Much of Marty’s recording activity has focused on original material. After completing two albums with Kee Records, he recorded four albums with Hickory Hill Records. By the 90’s, he was recording with Orrensong Recordings, a relationship that fostered the freedom to experiment with new music. With Orrensong, Marty recorded four albums including Over The Edge. Making the journey to the Memphis recording mecca of Sun Studios, the Over The Edge project allowed him to become one of a select group of artists to record at the American historic landmark. Marty was also delighted that Planet Swan, daughter of renowned Billy Swan, joined him to record the rockabilly stroll “Bad Attitude” in this session. Although Over the Edge brought Marty back to his rockabilly roots, this album also demonstrates his versatility of style as it packages “elements of gospel, blues, rock, pop, rockabilly, folk and more as synthesizers rub up against cello and classical guitar underneath the spiritual, uplifting lyrics.” (Greg Haymes, Times Union)
Since 1998, Marty has had the pleasure of collaborating with his son Sean–a musician in his own right–as co-writer and producer. Although he began as Marty’s roadie at age 12, Sean and Marty first performed together when Marty opened for Arlo Guthrie in 1993 at the Berkshire Performing Arts Center. Their first recording project was Labor of Love, Marty’s first album with Orrensong Recordings. Several albums later, Orrensong released It’s Just Me, a solo project featuring Marty with his own material and his guitar, celebrating a milestone of 40 years as a singer, songwriter, and recording artist.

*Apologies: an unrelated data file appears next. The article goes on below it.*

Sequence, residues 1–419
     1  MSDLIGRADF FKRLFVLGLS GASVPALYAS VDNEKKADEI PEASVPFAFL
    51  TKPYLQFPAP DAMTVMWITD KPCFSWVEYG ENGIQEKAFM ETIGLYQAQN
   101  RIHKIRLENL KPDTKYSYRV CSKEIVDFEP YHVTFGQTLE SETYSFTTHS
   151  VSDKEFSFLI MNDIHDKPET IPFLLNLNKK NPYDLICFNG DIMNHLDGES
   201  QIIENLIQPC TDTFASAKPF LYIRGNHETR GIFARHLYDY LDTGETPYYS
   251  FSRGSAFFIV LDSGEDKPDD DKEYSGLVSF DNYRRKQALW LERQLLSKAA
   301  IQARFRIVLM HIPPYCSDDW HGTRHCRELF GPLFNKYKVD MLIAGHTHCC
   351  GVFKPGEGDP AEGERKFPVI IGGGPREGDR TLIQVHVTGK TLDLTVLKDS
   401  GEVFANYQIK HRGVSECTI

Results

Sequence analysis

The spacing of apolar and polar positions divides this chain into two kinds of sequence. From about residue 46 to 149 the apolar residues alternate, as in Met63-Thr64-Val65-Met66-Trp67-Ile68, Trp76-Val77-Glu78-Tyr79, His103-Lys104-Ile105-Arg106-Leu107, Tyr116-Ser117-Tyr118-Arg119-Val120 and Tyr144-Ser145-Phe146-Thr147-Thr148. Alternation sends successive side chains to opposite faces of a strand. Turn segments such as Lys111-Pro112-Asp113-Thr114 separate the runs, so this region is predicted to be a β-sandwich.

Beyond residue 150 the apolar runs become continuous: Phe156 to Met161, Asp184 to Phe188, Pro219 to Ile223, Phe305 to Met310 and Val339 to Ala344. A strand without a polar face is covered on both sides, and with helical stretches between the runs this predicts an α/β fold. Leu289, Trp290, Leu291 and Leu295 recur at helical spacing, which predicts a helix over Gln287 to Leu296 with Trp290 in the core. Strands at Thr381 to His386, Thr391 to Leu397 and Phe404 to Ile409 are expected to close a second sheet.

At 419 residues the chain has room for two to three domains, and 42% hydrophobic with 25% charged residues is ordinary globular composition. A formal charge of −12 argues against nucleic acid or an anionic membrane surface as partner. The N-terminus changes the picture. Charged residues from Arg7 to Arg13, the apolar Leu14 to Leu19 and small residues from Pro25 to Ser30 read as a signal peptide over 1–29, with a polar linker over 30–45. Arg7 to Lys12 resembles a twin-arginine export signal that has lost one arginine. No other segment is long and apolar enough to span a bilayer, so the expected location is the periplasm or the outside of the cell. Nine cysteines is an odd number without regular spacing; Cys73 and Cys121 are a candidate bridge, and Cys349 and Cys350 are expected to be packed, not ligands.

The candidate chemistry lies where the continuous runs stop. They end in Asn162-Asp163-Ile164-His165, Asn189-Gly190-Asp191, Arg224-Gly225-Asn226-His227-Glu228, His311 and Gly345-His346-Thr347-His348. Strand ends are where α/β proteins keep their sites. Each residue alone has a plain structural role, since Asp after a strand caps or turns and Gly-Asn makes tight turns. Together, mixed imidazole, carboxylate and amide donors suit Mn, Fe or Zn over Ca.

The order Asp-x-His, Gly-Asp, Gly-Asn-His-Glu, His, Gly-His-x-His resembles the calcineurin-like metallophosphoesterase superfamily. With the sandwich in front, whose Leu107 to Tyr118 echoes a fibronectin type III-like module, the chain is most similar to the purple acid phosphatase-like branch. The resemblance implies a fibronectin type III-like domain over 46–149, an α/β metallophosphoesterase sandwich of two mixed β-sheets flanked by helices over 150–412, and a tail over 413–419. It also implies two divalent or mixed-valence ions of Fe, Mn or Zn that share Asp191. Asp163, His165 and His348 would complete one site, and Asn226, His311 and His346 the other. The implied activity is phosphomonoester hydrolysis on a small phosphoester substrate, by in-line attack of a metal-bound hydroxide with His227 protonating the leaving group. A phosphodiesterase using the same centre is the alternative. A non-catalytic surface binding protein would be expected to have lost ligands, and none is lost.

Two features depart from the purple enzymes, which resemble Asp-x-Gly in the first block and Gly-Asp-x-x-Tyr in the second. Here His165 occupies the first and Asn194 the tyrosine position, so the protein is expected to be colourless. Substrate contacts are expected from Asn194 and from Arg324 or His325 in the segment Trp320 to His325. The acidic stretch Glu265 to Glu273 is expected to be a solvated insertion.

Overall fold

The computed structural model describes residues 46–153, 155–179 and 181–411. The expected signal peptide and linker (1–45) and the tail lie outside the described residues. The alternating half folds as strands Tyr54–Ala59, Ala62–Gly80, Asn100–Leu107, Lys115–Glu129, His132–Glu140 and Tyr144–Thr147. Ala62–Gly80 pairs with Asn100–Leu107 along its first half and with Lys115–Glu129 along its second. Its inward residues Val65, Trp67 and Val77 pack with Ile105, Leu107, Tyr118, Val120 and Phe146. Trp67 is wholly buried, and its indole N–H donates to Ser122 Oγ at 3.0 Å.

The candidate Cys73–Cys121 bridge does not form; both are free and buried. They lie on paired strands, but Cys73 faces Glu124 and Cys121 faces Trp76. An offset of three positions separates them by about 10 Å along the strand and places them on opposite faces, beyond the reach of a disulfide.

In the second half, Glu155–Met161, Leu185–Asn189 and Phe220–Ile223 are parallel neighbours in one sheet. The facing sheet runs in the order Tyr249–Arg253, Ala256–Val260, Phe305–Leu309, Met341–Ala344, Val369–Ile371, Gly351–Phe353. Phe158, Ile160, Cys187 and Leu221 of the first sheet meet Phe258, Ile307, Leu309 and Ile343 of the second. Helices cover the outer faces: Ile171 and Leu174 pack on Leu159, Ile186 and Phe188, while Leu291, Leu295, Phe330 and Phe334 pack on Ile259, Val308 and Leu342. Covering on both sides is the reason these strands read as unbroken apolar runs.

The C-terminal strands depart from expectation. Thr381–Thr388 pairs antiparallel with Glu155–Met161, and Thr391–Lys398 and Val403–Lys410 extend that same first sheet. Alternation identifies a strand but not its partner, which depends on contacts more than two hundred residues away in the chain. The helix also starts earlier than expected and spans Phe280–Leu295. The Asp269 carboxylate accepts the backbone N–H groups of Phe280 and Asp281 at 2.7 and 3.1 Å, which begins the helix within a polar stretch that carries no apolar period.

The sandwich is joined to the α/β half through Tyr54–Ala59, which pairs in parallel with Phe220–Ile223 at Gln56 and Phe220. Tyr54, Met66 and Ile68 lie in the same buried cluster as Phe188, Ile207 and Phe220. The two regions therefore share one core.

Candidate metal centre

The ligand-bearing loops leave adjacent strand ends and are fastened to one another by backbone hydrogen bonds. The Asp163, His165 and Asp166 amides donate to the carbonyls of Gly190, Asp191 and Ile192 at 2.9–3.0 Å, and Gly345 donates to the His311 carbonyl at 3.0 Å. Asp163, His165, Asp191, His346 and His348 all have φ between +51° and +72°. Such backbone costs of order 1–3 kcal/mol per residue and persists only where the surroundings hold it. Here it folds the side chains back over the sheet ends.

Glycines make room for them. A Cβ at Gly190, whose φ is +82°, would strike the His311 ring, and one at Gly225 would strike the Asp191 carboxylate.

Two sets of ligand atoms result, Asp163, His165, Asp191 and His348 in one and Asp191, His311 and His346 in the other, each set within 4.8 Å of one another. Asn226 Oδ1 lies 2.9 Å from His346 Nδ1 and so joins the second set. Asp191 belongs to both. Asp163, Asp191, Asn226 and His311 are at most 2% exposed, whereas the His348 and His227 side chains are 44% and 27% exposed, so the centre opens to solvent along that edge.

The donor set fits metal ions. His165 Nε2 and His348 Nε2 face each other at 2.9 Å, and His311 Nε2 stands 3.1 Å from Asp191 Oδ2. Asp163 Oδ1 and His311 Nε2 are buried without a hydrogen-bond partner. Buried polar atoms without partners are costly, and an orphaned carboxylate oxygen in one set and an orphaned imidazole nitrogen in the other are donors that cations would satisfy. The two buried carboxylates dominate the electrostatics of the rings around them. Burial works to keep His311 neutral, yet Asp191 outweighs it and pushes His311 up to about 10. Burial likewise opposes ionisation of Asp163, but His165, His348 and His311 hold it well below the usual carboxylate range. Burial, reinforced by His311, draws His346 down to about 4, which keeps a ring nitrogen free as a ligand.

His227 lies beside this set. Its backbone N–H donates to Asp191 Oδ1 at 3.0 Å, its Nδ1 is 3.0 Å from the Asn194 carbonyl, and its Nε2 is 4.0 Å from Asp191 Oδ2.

Marty has been recording with Boston-based label Simply 21 Records since 2007 with the release of Rockabilly Heart, which includes “57 Chevy,” a people’s favorite on iTunes. In 2010, he released Live and Rockin,’ a live recording of Marty’s opening performance for The Platters.
While his past accomplishments are significant, there are no signs of retirement on the horizon. Marty continues to record with an enthusiasm that challenges younger artists. His current recording project with Simply 21, The Good Old Days features pre-rock and roll standards that are some of Marty’s earliest influences including “Cry,” “Twilight Time,” “My Blue Heaven,” “Chattanooga Shoe Shine Boy,” and two of Marty’s new songs.
Performing live and engaging with an audience, however, is Marty’s passion. His shows are engaging and just plain fun for audiences of all ages … and Marty hopes you’ll join him for one. Marty Wendell’s performance schedule and collection of photos are available by visiting MartyWendell.com. One can listen to or purchase his music through his Website or via online merchants such as iTunes, CDBaby, or Amazon.com